Memory Loss

  • 27 Jan 1998
  • Reading time 4 mins
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Every year in Europe, a million people are diagnosed with memory decline, and 400,000 of them go on to be diagnosed with dementia. If you are over 35, it’s time to think about Alzheimer’s. As strange as this may sound, we now know that it takes approximately 40 years to develop Alzheimer’s and there are no obvious signs, except perhaps a minor deterioration in memory and concentration, for at least the first 20 years of the disease process. Many people think of this as ‘getting old’, but you can age without excessive memory loss.

Most of the current medications – donepezil (Aricept), rivastigmine (Exelon) and galantamine (Reminyl) – can temporarily improve or stabilize the symptoms of dementia, but once you stop your prescription, you’ll deteriorate rapidly and within six weeks you will be no better than someone who has never taken the drug.

What all this adds up to is that Alzheimer’s, which accounts for the vast majority of cases of dementia, is preventable. What is equally clear is that there is no drug that can do anything except, at most, briefly delay the debilitating symptoms. The nutritional approach, however, could play a role beyond the preventative, as valuable as that is. It may also reverse early signs of memory and mental impairment without any associated side effects. If this proves to be so in ongoing trials, the nutritional approach should certainly be the first port of call for anyone with memory problems.

What Works

Test your homocysteine level. If you have a relative whose mental gears are starting to slip, make sure they have a simple memory test, just to get a measure of the situation, plus a homocysteine test, which is the best indicator of risk. If their (and in fact, your) homocysteine level is above 9 units and there are any signs or symptoms of memory problems, we recommend supplementing with a homocysteine-lowering formula. This should provide vitamin B6 (20 to 100mg), B12 (100 to 500mcg), and folic acid (1,000 to 2,000mcg) a day or, better still, take an all-round homocysteine-lowering formula containing TMG and B2 as well. N-acetyl-cysteine (500mg a day). Alternatively, choose a homocysteine formula incorporating a special form of B12, methyl B12, which works best.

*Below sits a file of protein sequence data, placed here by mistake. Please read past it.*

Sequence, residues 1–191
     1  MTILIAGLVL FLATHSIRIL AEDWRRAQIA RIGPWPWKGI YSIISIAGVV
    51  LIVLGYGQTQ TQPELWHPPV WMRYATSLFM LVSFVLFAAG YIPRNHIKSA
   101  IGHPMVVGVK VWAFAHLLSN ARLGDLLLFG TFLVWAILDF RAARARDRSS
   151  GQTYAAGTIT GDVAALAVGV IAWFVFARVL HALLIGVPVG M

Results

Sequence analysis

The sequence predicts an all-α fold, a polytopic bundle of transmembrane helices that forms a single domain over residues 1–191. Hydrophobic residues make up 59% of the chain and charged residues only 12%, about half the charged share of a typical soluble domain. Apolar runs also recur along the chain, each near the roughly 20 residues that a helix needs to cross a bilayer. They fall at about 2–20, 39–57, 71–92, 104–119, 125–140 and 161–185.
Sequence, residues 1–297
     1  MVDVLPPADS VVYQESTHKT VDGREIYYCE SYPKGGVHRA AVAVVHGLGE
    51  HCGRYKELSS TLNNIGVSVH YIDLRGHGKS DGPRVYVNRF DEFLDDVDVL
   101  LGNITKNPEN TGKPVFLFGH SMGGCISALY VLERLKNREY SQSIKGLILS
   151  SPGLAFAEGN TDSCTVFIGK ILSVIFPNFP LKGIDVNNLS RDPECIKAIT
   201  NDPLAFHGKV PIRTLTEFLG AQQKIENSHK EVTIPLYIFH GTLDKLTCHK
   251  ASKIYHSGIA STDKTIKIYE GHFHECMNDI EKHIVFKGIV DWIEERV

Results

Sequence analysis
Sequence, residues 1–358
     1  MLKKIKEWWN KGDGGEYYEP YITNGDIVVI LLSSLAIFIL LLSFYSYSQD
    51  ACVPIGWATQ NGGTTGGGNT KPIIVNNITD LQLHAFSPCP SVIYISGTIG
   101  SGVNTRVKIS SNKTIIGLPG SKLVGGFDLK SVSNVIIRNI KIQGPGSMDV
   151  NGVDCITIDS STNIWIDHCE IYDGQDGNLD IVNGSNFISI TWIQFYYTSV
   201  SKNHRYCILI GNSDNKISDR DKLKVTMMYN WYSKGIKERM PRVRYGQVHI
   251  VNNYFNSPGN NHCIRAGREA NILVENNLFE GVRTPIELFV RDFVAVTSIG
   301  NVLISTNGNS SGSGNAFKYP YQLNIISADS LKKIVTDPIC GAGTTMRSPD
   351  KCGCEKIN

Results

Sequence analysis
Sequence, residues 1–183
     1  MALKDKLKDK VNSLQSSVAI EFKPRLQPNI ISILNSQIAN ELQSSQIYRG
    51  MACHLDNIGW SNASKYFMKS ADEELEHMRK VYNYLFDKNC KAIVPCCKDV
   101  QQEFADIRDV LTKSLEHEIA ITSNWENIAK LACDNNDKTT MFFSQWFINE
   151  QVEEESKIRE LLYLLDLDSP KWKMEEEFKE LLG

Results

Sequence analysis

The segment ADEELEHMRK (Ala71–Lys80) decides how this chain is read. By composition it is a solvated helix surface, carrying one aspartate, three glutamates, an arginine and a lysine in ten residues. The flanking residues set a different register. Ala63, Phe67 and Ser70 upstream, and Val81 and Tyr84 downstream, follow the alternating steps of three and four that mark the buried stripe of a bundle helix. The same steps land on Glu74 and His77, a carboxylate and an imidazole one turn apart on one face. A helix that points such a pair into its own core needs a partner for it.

Up your omega-3s. To help reduce brain inflammation, we recommend supplementing with omega-3 fish oils, as well as eating oily fish two to three times a week. The ideal amount for maximizing memory and mental health is likely to be in the region of 300mg of EPA and 200mg of DHA daily, doubling this if you have age-related memory decline.

Increase your antioxidants. To ensure you are getting the proper types and amounts of antioxidants, eat lots of fruit and vegetables with a variety of colours. Think blueberries, raspberries, apples, broccoli, red cabbage, sweet potatoes, carrots and so on – antioxidants such as the anthocyanidans found in red and purple fruit and vegetables are powerful and highly efficient at scavenging free radicals. On top of this, supplement 2,000 mg of vitamin C a day, taken in two divided doses, plus 400iu (300mg) of vitamin E, as part of an all-round antioxidant that contains N-acetyl-cysteine and/or reduced glutathione.

Stay mentally and physically active. Keep learning new things and using your mind, and exercise at least three times a week. Even walking 15 minutes a day makes a difference.

Dig deeper by reading Food is Better Medicine Than Drugs for all the evidence to support this approach, and its comparitive effectiveness and safety compared to the conventional treatment of memory loss and Alzheimer’s. Also read The Alzheimer’s Prevention Plan by Patrick Holford with Shane Heaton and Deborah Colson.

Working with Your Doctor

Ask your doctor to measure your homocysteine level (or you can measure your own homocysteine level with a home test. If your level is high, you should take a supplement with B vitamins as well as zinc, TMG and NAC, and top up daily with plenty of B-rich fruit and green, leafy vegetables.

What if your doctor draws a blank or needs convincing? Show them the evidence: either lend them a copy of The Alzheimer’s Prevention Plan by Patrick Holford, or refer them to the work of Oxford’s Optima Project or the Alzheimer’s Research Trust.

If you, or a relative of yours, is prescribed Aricept, monitor changes in their memory. If it makes no difference, there’s little point in taking this drug.